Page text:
The shift from a warm phase to a cold phase ENSO during 2010 contributed to a globally averaged January–November ocean surface temperature anomaly of 0.50°C (0.90°F) above the 20th century average, tying with 2005 as the third warmest such period on record. Images of sea surface temperature conditions are available for all weeks during 2010 from the weekly SST page.
Warmer-than-average temperatures occurred during the year-to-date (January–November) for most of the world's surface. The warmest 11-month above-average temperatures occurred throughout the high latitude regions of the Northern Hemisphere, Canada, Alaska, the tropical Atlantic Ocean, the Middle East, eastern Europe, and northern Africa. Temperatures were notably cooler across the Southern oceans, most of the eastern Pacific Ocean, western Scandinavia, parts of central Russia, and parts of Australia.
According to Environment Canada, 2010 set a record as the warmest January–November period for the country, 2.9°C (5.2°F) above normal. This value surpassed the previous record set in 2006 at 2.4°C (4.3°F) above normal. In addition to the second warmest fall (September–November) period on record during 2010, Canada also experienced its warmest spring (March–May) and winter (December 2009–February 2010) and third warmest summer (June–August) on record.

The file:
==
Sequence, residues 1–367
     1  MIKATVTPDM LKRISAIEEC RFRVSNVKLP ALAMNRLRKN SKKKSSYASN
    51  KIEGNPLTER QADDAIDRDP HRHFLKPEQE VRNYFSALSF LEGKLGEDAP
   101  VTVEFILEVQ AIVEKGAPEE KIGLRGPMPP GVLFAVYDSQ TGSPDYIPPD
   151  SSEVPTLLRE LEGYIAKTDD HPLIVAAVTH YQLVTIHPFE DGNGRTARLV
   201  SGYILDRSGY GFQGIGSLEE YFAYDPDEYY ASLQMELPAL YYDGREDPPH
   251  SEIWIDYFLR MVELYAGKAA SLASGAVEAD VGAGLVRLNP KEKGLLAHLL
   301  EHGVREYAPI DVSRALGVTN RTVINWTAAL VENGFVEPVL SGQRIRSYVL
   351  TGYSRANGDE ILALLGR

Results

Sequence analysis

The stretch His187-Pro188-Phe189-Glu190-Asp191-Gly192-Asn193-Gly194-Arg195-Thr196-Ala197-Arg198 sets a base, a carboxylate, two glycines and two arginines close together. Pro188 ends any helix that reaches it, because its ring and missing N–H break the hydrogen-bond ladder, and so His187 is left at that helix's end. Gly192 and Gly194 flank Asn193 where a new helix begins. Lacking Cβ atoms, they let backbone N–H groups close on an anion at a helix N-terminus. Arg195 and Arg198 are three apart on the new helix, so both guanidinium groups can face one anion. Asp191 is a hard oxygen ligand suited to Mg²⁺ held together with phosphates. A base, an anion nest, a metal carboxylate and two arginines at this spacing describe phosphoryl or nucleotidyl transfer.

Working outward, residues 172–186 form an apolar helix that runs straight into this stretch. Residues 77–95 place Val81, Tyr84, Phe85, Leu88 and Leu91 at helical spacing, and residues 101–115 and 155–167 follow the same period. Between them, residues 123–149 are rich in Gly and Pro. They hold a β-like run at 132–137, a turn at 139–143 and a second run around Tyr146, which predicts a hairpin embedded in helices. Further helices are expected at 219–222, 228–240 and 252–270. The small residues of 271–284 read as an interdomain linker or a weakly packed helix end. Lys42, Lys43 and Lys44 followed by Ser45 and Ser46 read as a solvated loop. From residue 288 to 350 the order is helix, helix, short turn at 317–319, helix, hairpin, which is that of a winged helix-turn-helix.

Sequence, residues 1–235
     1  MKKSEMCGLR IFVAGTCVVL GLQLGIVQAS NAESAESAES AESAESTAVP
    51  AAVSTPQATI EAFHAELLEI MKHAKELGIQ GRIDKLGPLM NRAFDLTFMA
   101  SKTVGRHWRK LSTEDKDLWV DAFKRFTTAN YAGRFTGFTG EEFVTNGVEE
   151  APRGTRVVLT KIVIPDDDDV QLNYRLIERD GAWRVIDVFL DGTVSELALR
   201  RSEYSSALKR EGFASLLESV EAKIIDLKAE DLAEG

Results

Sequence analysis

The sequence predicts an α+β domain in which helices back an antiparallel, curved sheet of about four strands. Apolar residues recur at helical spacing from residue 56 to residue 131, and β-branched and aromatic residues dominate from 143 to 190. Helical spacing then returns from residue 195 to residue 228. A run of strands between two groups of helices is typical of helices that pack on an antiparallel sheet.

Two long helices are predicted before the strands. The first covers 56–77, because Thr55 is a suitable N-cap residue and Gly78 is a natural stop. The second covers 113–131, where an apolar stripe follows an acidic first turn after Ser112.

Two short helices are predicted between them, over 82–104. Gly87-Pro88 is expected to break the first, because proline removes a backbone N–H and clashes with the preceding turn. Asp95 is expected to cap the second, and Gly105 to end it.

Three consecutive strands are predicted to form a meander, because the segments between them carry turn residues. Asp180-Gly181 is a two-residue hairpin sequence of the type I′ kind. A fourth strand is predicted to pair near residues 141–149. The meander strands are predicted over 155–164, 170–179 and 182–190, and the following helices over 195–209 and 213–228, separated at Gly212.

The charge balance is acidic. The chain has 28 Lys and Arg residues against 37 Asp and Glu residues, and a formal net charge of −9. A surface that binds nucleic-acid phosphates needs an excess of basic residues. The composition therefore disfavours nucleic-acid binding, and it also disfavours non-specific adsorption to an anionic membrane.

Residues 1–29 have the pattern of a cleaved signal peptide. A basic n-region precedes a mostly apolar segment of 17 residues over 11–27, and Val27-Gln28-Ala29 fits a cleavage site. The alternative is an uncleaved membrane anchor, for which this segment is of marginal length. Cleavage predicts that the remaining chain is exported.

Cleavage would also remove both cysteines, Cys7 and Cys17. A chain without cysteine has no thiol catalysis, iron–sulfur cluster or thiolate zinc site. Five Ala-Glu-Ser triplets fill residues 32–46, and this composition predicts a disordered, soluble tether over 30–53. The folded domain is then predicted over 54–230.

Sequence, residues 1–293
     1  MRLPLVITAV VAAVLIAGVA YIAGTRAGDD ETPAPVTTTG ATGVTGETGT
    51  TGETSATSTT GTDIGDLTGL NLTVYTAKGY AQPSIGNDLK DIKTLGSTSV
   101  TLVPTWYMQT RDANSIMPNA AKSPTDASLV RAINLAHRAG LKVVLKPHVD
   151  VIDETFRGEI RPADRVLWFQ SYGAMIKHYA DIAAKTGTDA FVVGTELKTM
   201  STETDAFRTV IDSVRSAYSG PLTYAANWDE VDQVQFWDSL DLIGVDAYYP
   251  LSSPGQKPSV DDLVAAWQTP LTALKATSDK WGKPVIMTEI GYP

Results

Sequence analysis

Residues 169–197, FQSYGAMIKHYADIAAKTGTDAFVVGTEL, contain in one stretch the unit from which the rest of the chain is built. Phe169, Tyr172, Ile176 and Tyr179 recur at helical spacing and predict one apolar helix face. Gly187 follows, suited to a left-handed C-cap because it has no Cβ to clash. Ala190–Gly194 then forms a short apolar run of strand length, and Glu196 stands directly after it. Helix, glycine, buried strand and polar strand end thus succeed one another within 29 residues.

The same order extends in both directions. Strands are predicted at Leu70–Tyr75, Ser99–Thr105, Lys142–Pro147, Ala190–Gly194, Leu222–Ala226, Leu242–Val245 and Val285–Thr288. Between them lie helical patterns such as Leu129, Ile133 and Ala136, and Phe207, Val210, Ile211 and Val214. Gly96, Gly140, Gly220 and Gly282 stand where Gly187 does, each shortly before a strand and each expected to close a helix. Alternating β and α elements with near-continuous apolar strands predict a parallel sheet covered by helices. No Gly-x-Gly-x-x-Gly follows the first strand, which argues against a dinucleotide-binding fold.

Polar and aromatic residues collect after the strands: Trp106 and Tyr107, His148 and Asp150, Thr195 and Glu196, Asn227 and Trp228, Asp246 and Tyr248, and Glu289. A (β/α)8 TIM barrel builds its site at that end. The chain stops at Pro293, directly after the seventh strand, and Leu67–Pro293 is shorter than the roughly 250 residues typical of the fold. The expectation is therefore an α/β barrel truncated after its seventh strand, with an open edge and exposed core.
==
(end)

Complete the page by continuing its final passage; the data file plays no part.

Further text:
Temperature Rankings and Graphics
(out of 131 years)
|(Next) Warmest on Record|
|Land||+1.52 ± 0.07||+2.74 ± 0.13||Warmest||(2004)||+1.34||+2.41|
|Ocean||+0.39 ± 0.07||+0.70 ± 0.13||10th warmest*||1997||+0.55||+0.99|
|Land and Ocean||+0.69 ± 0.08||+1.24 ± 0.14||2nd warmest||2004||+0.72||+1.30|
|Land||+1.97 ± 0.08||+3.55 ± 0.14||Warmest||(2001)||+1.58||+2.84|
|Ocean||+0.41 ± 0.08||+0.74 ± 0.14||10th warmest||2006||+0.65||+1.17|
|Land and Ocean||+0.99 ± 0.09||+1.78 ± 0.16||Warmest||(2004)||+0.95||+1.71|
|Land||+0.35 ± 0.06||+0.63 ± 0.11||21st warmest*||2009||+1.11||+2.00|